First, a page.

Home » Culture » Censor & Sensibility: the films likely to offend Pahlaj Nihalani in 2016

Censor & Sensibility: the films likely to offend Pahlaj Nihalani in 2016

Asad Ali | Updated on: 14 February 2017, 2:23 IST

If Asian Sky Shop sold a washing machine to rinse films of all subtext or overtones - social, political, religious, sexual - the Indian moral police would pre-order in bulk.

Sadly, no such product exists.

What does however exist is censor board chief Pahlaj Nihalani and his band of (righteous) brothers who vigorously rinse all films till it's certain no sensibility of any kind can be hurt by their release.

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From a kiss (Spectre) to a riot (Muzaffarnagar Baaqi Hai), Nihalani has had a busy year protecting innocent Indians from the evils lurking in movie halls. Unfortunately for him, it looks like 2016's going to stay busy - there's a slew of releases lined up likely to appall his conservative sensibilities even further.

Here's a quick primer:

Khoon Diy Baarav (Blood Leaves Its Trail)

Filmmaker: Iffat Fatima

A film that looks at 'forced' disappearances in Kashmir since the 80s and features family members from the Association of Parents of Disappeared Persons. A censor certificate for this film is likely to pose a serious challenge, though it is available on Vimeo in three parts:

On a trail of vanished blood - pt1 from IAWRT on Vimeo.

What the Fields Remember

Filmmaker: Subasri Krishnan

This one's about the 'Nellie massacre' - large scale violence against Muslims in Nellie, Assam, in the 80s over rightful citizenship.

The film was screened at IFFI, Goa recently. Likely to upset establishments, so don't count on seeing the film, but here's a trailer:

Proposition for a Revolution

Filmmakers: Khushboo Ranka & Vinay Shukla

The now-famous and much anticipated documentary about the rise of Aam Aadmi Party. The trailer is a powerful piece of filmmaking and the film could well do a lot to re-spark flagging interest in the party.

It's supposed to get a proper release in 2016, but precisely because of the influence it could wield on behalf of AAP - even though it's an entirely independent project - it will be interesting to see if it retains the same kind of buzz and what states it manages to release in. Especially since the censor board chief's recent ode to Modi makes it entirely clear where his sympathies lie.

G - A Wanton Heart

Filmmaker: Rahul Dahiya

Haryana and its honour killings form the core of Dahiya's debut feature film. The opening scene itself is supposedly quite explicit, showing a woman getting molested in a moving vehicle. And since our censor board seems to believe that what you don't see doesn't happen - this film may well receive a limited release or a demand for drastic cuts.


Filmmaker: Qaushiq Mukherjee (Q)

From the maker of the underground cult-ish Bengali film Gandu comes this attempt at horror and gore. About four youngsters who are trapped in a mall and what ensues after darkness falls.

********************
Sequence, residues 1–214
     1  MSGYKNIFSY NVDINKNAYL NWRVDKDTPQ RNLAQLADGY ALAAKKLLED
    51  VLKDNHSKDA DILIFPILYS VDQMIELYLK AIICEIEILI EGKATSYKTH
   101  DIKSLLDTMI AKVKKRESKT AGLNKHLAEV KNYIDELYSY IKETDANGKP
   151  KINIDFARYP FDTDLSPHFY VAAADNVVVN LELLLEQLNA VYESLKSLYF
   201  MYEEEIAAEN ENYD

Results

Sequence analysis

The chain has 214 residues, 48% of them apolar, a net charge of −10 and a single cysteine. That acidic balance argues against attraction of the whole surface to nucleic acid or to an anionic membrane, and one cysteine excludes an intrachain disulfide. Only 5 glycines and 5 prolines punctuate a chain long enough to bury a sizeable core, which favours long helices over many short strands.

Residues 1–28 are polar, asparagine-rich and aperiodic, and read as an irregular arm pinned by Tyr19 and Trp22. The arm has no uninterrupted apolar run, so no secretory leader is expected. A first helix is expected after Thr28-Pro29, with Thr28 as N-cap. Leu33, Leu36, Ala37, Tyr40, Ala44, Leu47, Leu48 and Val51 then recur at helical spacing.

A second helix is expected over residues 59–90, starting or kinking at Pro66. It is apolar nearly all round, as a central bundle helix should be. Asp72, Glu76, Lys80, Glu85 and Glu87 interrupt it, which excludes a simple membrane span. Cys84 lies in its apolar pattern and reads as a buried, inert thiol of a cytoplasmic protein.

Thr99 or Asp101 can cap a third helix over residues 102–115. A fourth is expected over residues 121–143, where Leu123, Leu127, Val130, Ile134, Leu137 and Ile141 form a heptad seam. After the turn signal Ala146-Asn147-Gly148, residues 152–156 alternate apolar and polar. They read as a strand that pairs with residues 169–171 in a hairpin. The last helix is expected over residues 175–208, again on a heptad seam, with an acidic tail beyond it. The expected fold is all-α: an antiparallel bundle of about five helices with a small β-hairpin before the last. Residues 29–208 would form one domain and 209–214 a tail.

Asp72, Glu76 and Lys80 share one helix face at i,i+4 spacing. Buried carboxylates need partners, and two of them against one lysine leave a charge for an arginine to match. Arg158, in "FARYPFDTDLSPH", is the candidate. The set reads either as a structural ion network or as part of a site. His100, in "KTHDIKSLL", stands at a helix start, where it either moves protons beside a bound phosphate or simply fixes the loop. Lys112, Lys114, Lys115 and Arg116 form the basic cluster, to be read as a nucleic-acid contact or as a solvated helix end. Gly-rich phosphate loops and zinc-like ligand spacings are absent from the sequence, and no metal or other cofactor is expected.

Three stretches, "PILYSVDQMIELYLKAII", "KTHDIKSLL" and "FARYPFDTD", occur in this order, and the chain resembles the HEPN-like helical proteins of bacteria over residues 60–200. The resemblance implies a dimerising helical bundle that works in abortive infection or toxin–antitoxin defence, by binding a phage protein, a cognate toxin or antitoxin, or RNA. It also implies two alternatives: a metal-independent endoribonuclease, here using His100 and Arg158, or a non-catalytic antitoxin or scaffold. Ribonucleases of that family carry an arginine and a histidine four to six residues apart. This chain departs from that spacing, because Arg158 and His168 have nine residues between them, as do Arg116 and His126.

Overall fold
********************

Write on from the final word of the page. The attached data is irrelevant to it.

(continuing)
The film was screened at MAMI this year, but most of Q's films end up being labelled controversial, and don't see a theatrical release. We think Mr Nihalani may well reject this film on grounds of the previous film's name alone!

Tomorrow We Disappear

Filmmakers: Jimmy Goldblum, Adam M. Weber

Kathputli Colony has been in the news repeatedly in recent times and for good reason. This utterly unique colony of street artists were being forcefully evicted by the Delhi administration because the land that used to be their home was sold to a corporate house.

This documentary hasn't yet come to India and given the influential institutions it might annoy, we're not going to bet that it will, either.

Who says we're intolerant: 15 times bigotry and idiocy thrived in 2015


Filmmaker: Shlok Sharma

An extramarital affair between a schoolteacher and a 15-year-old female student set in Madhya Pradesh. The subject alone means the Censor Board is likely to examine it with a fine toothcomb, and when you do that - you're always going to encounter something you think shouldn't exist. It premiered at the 15th annual New York Indian Film Festival (NYIFF), and has already been screened at MAMI this year, but that may be its best-case scenario.


Filmmaker: Tony D'Souza

Finally, a film around one of Indian cricket's poster boys-turned-fallen heroes, Mohammad Azharuddin. Emraan Hashmi plays the former Indian skipper.

Given how match-fixing allegations still shroud Azhar, it'll be interesting to see the perspective the film offers - and especially, how it depicts the other 'influential' members of India's cricketing community. If it runs afoul of one of them, we're not sure it will emerge from the Censor Board's hands unscathed.


Filmmaker: Milan Milap Zaveri

A sex comedy starring Sunny Leone in barely there bikinis. 'Nuff said.

It's already been delayed at the censors and is finally set for an early 2016 release. We'll be surprised if it doesn't create a shitstorm post release either - someone, somewhere is bound to be hurt, on behalf of their community or 'Indian culture'.

Kyaa Kool Hain Hum 3

Filmmaker: Umesh Ghagde

Another adult comedy starring Aftab Shivdasani and Tusshar Kapoor. 'Nuff said again. The poster looks like a bag of bathroom jokes gone horribly wrong - and we're afraid the film could be even worse.

Frankly, for once we may even agree with Mr Nihalani if he objects because you simply cannot unsee this stuff - but in the spirit of democracy and freedom of expression, the movie should release anyway. That doesn't mean we have to watch it, though.

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First published: 23 December 2015, 3:06 IST
Asad Ali @asadali1989

Asad Ali is another cattle class journalist trying to cover Current affairs and Culture when he isn't busy not saving the world.